Passive investing has become increasingly popular in recent years. Do active funds still have a role in your portfolio?

First of all, what do we mean by passive?

To understand passive investing, we need to understand the concept of indexing. An indexis created by an investment research firm (such as S&P Global) that defines the criteria for what securities (stocks or bonds) are included in the index. In the case of the S&P 500, it is 500 US-based companies who meet various requirements related to their market capitalization (size), earnings and trading volume, among other things. The criteria is laid out clearly and the composition of the index is reevaluated and updated on a regularly scheduled basis (such as quarterly). It is a fairly objective process that doesn’t involve emotions or opinions.

Since you can’t directly invest in an index (it is essentially a measurement), investment companies have created funds that hold the securities included in the index. This gives investors a simple way to invest in the index, where they would otherwise need to individually purchase all of the underlying holdings. This is why a fund that is constructed through an objective set of criteria that requires very little human decision or opinion is considered a passive investment.

Index (Passive) funds are typically…

  • Tax Efficient – The composition of most indexes changes slowly over time, so these funds typically have a low amount of trading and turnover.
  • Low Cost – The low-touch, passive investment style naturally creates lower expenses.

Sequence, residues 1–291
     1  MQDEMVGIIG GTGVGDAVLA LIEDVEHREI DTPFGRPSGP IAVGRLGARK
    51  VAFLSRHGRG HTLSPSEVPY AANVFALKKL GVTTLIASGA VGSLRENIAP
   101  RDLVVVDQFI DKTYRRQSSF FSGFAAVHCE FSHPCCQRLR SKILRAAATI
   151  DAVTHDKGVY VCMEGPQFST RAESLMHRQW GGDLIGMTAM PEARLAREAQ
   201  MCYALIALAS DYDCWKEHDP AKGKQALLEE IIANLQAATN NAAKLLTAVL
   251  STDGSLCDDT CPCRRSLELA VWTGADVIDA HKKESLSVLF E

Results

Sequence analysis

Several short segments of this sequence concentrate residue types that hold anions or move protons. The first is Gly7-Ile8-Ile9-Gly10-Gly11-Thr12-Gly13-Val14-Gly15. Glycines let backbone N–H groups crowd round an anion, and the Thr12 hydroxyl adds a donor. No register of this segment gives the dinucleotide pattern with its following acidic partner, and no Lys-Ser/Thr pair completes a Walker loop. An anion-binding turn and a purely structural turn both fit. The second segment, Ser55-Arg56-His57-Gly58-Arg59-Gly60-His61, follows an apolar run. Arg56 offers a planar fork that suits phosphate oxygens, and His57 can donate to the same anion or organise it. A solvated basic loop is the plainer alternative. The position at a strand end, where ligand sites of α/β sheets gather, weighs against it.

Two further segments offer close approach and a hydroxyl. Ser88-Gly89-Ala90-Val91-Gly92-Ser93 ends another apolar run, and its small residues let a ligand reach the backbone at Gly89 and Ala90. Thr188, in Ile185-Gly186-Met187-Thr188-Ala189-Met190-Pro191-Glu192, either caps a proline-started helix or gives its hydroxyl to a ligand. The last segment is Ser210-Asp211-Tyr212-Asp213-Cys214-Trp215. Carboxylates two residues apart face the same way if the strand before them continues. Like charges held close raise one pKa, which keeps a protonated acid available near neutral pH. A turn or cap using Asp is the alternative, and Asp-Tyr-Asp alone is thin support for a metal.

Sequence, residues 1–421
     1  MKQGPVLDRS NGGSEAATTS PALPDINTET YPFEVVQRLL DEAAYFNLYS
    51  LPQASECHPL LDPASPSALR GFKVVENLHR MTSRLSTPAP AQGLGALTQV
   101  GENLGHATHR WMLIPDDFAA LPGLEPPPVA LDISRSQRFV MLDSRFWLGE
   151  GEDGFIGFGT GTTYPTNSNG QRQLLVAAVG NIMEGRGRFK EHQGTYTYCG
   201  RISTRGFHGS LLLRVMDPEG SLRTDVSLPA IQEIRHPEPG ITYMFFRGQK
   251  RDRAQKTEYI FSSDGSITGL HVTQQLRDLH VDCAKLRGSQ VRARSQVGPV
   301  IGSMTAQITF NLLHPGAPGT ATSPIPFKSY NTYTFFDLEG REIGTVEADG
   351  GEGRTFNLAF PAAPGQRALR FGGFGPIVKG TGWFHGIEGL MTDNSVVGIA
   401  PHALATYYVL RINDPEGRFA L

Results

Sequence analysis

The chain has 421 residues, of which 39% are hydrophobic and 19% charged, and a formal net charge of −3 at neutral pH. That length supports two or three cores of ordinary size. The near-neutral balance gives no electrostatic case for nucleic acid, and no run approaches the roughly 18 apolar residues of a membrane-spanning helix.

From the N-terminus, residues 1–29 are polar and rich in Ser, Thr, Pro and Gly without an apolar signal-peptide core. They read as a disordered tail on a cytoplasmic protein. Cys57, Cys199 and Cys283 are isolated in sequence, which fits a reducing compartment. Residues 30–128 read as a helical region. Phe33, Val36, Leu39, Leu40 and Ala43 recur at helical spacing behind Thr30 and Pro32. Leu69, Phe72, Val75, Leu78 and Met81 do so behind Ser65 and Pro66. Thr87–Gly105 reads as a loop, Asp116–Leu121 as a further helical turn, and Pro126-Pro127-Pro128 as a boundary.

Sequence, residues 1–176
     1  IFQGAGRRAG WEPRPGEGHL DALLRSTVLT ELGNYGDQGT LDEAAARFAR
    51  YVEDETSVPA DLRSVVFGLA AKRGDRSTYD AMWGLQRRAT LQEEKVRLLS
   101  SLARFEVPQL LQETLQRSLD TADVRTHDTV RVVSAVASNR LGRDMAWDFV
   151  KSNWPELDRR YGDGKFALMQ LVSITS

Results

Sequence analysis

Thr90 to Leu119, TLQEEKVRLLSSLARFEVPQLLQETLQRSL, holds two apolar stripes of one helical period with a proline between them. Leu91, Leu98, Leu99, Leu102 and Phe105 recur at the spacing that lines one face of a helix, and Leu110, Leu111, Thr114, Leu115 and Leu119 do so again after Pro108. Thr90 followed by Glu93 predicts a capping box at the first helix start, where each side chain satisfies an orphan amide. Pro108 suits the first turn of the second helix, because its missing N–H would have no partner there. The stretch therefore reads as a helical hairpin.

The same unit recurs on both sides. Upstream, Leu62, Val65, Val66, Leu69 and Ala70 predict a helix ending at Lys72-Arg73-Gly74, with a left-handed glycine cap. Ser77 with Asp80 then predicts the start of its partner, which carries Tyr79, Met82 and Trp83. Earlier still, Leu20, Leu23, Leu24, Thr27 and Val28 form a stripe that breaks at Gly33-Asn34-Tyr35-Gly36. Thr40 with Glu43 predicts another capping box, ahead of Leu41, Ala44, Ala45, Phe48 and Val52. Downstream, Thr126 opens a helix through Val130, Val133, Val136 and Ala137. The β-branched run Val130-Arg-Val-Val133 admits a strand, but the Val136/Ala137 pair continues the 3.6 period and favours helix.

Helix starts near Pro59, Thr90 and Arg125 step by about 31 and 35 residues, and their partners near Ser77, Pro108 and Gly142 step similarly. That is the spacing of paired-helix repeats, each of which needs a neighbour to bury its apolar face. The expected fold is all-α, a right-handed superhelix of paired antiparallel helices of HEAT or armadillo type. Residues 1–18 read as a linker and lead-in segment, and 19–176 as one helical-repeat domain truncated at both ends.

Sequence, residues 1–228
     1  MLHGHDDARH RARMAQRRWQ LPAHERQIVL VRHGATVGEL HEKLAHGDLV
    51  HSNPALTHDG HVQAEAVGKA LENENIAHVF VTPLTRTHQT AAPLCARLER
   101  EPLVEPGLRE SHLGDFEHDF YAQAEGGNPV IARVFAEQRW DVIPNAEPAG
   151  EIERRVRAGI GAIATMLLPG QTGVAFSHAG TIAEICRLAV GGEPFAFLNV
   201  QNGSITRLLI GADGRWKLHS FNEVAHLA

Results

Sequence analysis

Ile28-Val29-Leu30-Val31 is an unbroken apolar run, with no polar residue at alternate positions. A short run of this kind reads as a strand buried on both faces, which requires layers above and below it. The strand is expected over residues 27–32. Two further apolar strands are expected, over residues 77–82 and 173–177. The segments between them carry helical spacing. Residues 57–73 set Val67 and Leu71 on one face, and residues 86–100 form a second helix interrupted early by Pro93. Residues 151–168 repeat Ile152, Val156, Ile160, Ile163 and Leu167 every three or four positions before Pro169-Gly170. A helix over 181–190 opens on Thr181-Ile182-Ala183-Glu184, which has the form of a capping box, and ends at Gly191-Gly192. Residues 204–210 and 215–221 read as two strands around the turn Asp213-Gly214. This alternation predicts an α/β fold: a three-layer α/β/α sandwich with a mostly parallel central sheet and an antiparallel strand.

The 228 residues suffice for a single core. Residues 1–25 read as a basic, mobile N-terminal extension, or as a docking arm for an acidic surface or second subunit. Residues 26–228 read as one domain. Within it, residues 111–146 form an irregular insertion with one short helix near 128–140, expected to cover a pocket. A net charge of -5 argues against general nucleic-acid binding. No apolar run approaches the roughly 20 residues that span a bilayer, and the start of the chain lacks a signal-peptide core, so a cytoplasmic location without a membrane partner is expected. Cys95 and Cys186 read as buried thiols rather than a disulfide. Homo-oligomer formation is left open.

• Helps Remove Emotions – Buying an index is much different psychologically than choosing a manager, management style or particular active fund.

In contrast, an active fund manager needs to make a lot of decisions about which securities to invest in and how to time the buying and selling to generate returns for investors. It’s this discretionary ability that is at the heart of what is expected of an active manager or fund. There can be sectors of the market where active management makes a lot of sense due to the ability of the manager to navigate difficult or changing environments.

When compared to index funds, active funds are typically…

  • Less Tax Efficient – The increased turnover typically creates more taxes due. The investor doesn’t have any control over the amount or timing of taxable events. This can be mitigated by the type of account where the fund is held.
  • Higher Cost – The expenses related to the managers, analysts and increased complexity create a headwind for the investor which needs to be overcome by increased returns. On the other hand, this is the whole point of an active fund and you will need to decide if the cost is worth the potential benefit.

So which one is right for me?

The most recent data shows that the overwhelming majority of active managers consistently underperform the indexes. It is becoming increasingly hard to beat the index. When you add in the lower expenses and greater tax-efficiency, you can see why The Money Guy is a strong advocate for passive, index investing. But the decision shouldn’t be seen as all or nothing. When used intelligently within your portfolio, we still believe there can be value in the discretionary management provided by active funds in certain market sectors.

Check out this clip where Brian and Bo cover more specifics!


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